New regulations muzzle police dogs

A Maple Ridge man who has been part of the fight to minimize police dog bites applauds new provincial regulation on the animals.

Bill Evanow of Maple Ridge was attacked by a police dog while trying to assist in a chase.

Bill Evanow of Maple Ridge was attacked by a police dog while trying to assist in a chase.

A Maple Ridge man who has been part of the fight to minimize police dog bites applauds new provincial regulation on the animals.

Bill Evanow’s case was part of the impetus for the new standards, announced last week.

He was mauled and permanently injured by an RCMP German shepherd in March 2011 after police chased a suspect onto his Maple Ridge property.

RCMP pursued the car thief from Mission. They boxed in a stolen pickup on a Haney street, and had deflated the tires with a spike belt. But the thief smash through the blockade, and ditched the pickup in Evanow’s driveway.

In a spotlight shone from a police helicopter, Evanow saw the thief running on his property. He gave chase, picking up a snow shovel as he ran. Evanow tripped the thief as he went through his yard, then chased him as he leaped over a fence towards a parking lot off 223rd Street. When he saw the man scale a second fence a fair distance away, he gave up chase.

As Evanow turned around to head back home, he felt a sharp pain as a police dog latched onto his thigh.

Even after the RCMP dog handler arrived, it would not release, Evanow said, and he lay on the ground for several minutes with the big dog biting down on his leg.

“The handler couldn’t get him to release,” he remembers.

Evanow spent eight days in hospital, as the dog literally took a piece out of him. It took six months for his wounds to heal. He still has pain from the injured leg, he said.

Evanow saw up close how police dogs must be considered a weapon.

“They’re pretty threatening animals,” he said. “They’re very aggressive, they’ve got their teeth bared and their hair up, and they’re pretty scary.”

Evanow filed a lawsuit against the RCMP, and his case was used by Pivot Legal Society, which lobbied for more formal controls on police dogs in the province.

“I had an interest in effecting some change. This kind of stuff has to be prevented somehow,” said Evanow. “It can’t be ‘release the dogs first, and ask questions later.’”

Pivot and CTV News investigated the matter, making several freedom of information requests, and found that a police dog bites someone every other day in B.C.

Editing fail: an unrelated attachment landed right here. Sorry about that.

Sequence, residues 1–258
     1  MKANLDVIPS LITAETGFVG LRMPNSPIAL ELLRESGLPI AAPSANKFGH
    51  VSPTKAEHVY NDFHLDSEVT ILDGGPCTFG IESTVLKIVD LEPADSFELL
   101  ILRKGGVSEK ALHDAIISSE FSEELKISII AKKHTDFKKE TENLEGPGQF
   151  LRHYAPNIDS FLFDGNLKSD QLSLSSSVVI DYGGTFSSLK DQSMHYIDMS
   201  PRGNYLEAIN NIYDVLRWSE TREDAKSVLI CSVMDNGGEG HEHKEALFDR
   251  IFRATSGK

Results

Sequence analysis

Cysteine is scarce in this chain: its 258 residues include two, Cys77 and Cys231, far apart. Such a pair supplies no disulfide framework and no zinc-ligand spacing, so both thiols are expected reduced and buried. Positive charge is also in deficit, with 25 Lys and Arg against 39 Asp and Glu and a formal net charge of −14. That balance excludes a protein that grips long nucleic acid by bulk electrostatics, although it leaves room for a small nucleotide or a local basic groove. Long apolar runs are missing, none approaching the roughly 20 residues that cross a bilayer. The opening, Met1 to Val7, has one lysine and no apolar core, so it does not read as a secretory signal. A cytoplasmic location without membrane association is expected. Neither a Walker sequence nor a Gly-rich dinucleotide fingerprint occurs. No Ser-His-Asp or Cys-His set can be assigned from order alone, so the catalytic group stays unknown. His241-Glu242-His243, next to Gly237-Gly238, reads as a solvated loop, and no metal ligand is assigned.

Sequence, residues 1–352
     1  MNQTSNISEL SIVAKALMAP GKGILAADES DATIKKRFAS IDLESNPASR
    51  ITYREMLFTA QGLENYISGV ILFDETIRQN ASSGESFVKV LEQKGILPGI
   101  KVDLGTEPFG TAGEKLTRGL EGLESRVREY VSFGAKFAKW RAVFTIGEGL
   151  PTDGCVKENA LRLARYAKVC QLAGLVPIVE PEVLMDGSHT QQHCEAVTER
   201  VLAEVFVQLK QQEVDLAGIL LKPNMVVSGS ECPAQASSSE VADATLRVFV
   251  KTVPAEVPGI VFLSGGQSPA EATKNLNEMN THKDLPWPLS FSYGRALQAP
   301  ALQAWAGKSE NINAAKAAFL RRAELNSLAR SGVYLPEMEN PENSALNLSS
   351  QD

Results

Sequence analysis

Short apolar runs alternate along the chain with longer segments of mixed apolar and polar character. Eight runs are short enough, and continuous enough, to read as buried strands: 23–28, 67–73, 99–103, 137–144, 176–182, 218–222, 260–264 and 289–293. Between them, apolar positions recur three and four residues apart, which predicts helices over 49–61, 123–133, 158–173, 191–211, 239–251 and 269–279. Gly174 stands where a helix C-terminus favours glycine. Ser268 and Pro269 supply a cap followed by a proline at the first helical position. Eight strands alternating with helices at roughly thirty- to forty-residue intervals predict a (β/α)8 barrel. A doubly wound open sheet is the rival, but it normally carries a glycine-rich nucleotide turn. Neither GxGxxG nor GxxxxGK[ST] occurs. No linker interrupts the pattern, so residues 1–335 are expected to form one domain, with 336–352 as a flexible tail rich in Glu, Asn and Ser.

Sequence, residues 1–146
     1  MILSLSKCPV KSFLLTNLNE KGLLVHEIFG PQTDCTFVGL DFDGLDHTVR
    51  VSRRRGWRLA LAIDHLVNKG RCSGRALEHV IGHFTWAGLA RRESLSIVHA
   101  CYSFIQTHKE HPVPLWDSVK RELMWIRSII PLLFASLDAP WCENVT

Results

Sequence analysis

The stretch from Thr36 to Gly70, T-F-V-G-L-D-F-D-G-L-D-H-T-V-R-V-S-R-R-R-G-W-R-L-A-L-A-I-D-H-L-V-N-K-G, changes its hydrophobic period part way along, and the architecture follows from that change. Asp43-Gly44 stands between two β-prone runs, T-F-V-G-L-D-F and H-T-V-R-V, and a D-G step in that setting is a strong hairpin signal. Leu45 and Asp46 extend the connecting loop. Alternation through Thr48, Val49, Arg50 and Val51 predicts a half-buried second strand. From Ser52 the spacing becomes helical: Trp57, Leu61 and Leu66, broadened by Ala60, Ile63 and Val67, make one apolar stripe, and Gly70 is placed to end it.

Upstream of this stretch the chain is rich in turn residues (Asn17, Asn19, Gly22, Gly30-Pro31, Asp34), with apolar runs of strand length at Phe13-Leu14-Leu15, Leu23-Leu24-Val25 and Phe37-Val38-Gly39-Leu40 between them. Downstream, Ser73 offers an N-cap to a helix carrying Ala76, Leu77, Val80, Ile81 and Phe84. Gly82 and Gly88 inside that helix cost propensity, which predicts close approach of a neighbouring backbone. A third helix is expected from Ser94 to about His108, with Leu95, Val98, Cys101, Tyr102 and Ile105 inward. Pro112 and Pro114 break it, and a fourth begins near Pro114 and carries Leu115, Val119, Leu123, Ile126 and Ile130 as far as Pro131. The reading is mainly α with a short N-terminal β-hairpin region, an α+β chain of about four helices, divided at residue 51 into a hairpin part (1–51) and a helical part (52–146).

The dog that bit Evanow had been trained in a “bite and hold” method, and dogs trained in that way bite far more often – virtually every time they are released. Other dogs use a “bark and hold” tactic, where they act aggressively, but will not bite unless ordered to attack.

Pivot found that the “bite and hold” dogs are up to 10 times more likely to bite.

Evanow said the new rules will be worthwhile if they keep police dogs from injuring innocent people in the future.

The new provincial standards, which are the first in Canada, are designed to minimize police dog bites and injuries. Among the core principles are that dogs be well trained and always under their handler’s control. They may bite only if someone is causing or about to cause bodily harm, or is fleeing or hiding and there are reasonable grounds for immediate apprehension. The dog handler must verbally warn a suspect that their police dog is about to be deployed.

Every dog and handler team will be tested annually, and must demonstrate their continued ability to be called off, and to remain under control while biting.

Police will be required to complete a detailed report for each bite incident.

In Evanow’s case, the RCMP did not file a report until 11 months after the incident.

The Pivot report found many police dog bites have never been reported.

It also requires police to consider numerous factors in deploying a police dog, including whether the person being apprehended is a young or elderly person.

Police will be, generally, prohibited from deploying their dogs to search for or apprehend a child 12 or younger unless there is an immediate danger.

There were 56 recorded cases in 2010 and 2011 in which RCMP dogs bit someone under 18.

Pivot lawyer Doug King once referred to Evanow’s case “the straw that broke the camel’s back,” because it was such a clear example of police dog maiming the wrong person.

Evanow’s lawsuit against the RCMP is still pending.

The new regulations will come into effect on Sept. 1, 2015.